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Mistakes People Make in Retirement Planning

How much will you need to save for retirement, and what’s the best way to  get it? These are the questions that plague everyone from college grads just starting out, to workers in their 50s and 60s. One of the challenges about retirement planning is that it’s not a one-time decision. As your financial picture and risk tolerance change over the course of your career, your savings strategies should evolve. Be careful not to make these common mistakes along the way.

  1. Not Saving Enough

Of all the mistakes people make in retirement planning, this is probably the riskiest and most common. Part of the reason that many people don’t save enough for retirement is that they’re not sure what constitutes “enough.” Only 42% of Americans surveyed by the Employee Benefit Research Institute for its 2019 Retirement Confidence Survey said that they had tried to calculate how much money they will need for retirement. Only one in three survey participants had tried to calculate what they would need for medical expenses during retirement.

Calculating how much money you’ll need for retirement is a personal process because it depends on many factors. An oft-repeated rule of thumb is to plan on replacing 80% of your paycheck with savings and other sources of income, but that’s not an appropriate goal for everyone. A financial planner who’s familiar with your circumstances can help you identify a target.

  1. Saving Too Much

Again, it’s impossible to know exactly how much you’ll need for retirement – but some people actually overestimate what they’ll need. Because the future is always uncertain, sacrificing quality of life to acquire a huge nest egg isn’t prudent. A better goal is to earn enough for a comfortable retirement while also enjoying the here and now.

  1. Saving in the Wrong Types of Accounts

Where you put your money is one of the most significant factors in determining how much you have by the time you retire. Saving a chunk of retirement money in a savings account that earns just 1% interest, or in a government bond with a rate of return so low that it barely keeps up with inflation, isn’t an effective way to put your money to work.

  1. Getting Too Conservative, Too Early

Starting early and steadily building your portfolio is a more stable path to a comfortable retirement than waiting until the last few years of your career to start stockpiling funds. That said, professionals who are decades away from retirement don’t have to play it too safe. Take some calculated risks while there’s still time to recover from any losses. Putting all your assets in conservative holdings might keep them safe, but it won’t help you grow your wealth.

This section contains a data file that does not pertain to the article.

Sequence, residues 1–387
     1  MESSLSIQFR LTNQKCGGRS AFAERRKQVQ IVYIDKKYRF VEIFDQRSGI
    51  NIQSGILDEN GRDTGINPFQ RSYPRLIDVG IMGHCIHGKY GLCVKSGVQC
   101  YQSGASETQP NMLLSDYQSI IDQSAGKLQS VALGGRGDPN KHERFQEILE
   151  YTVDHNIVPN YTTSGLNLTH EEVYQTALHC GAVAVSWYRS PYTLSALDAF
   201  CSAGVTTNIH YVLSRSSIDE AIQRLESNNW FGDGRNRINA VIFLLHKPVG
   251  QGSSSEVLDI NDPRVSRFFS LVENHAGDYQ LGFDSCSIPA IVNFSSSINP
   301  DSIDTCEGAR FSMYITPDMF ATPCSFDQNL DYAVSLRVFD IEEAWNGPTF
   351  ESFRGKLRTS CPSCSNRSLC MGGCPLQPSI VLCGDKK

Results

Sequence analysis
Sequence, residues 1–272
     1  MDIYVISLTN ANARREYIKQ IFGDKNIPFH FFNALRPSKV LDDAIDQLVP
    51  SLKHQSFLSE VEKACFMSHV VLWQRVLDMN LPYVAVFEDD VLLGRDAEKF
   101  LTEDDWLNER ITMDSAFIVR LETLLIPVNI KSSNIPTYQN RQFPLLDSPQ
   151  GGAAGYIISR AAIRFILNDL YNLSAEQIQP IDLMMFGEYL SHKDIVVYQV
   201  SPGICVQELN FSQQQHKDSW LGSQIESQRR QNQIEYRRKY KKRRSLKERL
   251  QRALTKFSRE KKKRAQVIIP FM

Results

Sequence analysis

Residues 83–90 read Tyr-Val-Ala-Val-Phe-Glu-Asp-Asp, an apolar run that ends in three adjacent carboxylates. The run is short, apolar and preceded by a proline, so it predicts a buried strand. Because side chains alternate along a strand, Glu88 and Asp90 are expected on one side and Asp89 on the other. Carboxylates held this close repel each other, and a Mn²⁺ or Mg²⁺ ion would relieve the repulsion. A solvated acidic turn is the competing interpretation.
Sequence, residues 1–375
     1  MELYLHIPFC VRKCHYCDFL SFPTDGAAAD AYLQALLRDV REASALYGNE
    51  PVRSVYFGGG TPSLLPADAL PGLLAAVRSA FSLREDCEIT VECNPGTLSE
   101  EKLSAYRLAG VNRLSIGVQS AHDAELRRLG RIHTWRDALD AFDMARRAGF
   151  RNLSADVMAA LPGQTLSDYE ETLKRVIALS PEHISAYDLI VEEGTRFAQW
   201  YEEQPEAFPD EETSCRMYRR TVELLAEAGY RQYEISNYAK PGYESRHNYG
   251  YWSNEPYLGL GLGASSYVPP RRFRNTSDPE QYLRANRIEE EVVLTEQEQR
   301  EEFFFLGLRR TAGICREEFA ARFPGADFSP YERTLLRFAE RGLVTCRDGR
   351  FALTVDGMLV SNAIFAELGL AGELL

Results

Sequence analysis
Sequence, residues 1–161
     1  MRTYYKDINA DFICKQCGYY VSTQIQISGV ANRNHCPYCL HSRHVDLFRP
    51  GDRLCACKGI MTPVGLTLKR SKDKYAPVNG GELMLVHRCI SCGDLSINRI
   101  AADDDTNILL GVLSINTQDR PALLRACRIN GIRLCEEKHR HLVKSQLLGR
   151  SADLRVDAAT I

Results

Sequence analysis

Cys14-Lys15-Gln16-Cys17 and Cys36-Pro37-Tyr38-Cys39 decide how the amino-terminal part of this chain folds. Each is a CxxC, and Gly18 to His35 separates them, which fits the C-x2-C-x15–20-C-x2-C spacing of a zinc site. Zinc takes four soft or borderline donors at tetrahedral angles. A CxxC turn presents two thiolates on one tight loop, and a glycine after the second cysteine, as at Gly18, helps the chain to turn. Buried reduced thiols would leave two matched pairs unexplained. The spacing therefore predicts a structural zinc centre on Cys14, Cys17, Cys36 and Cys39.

1. Being Too Aggressive, For Too Long

Taking chances with your savings is a young person’s game. In the last decade of your working years, keeping your retirement savings in a high-risk stock-heavy portfolio leaves you vulnerable to market shifts that could deplete your life savings. Transition to a diversified portfolio with a mix of stocks, bonds and conservative investments well before you’re ready to retire.

  1. Relying on an Inheritance

An inheritance is a promise but not a guarantee. Say you’re counting on your mother leaving you a hefty sum, but she ends up spending all her assets on nursing-home care during her final years. Or she may live until well after you’ve retired.  You’ll end up without the money you were counting on, and you might be so close to retirement that there’s not enough time to save what you need.

  1. Gifting Too Much

Extreme generosity will make you beloved, but it won’t help you save for retirement. Giving too much money away may derail your own financial plans. It’s easy for a series of relatively small gifts to add-up and eat away at your savings. For example, it might not seem like a big deal to give an unemployed adult child $200 a month to help with rent. Doing that every month for a decade accounts for $24,000 that you could have invested and grown into even more money.

Making large gifts may also eat up more of your assets than you anticipate, if those gifts exceed IRS allowances. The annual gift allowance for 2019 is $15,000 per recipient. A donor (what the IRS calls the gift giver) may transfer up to $15,000 to a donee (the person receiving the gift) without tax consequences. Gifting more than $15,000 to any person in one year requires you to file a gift tax return, and may impact your estate tax bill later on.  If you’d like to start a gifting program, it’s important to talk to an expert first.

Your Retirement Savings Strategy

Your retirement plans are too important to take chances with. Work with the experts to grow your money so it’s there when you need it. Sachetta Callahan takes a holistic approach to wealth management. We help our clients make the right moves at the right times, recognizing that everyone’s financial needs and wants are unique.

How can Sachetta Callahan help you save for retirement? Contact us today.

We’re pleased to announce a growth merger with Wealth Management Advisors, effective January 1, 2022.

Learn more about what to expect.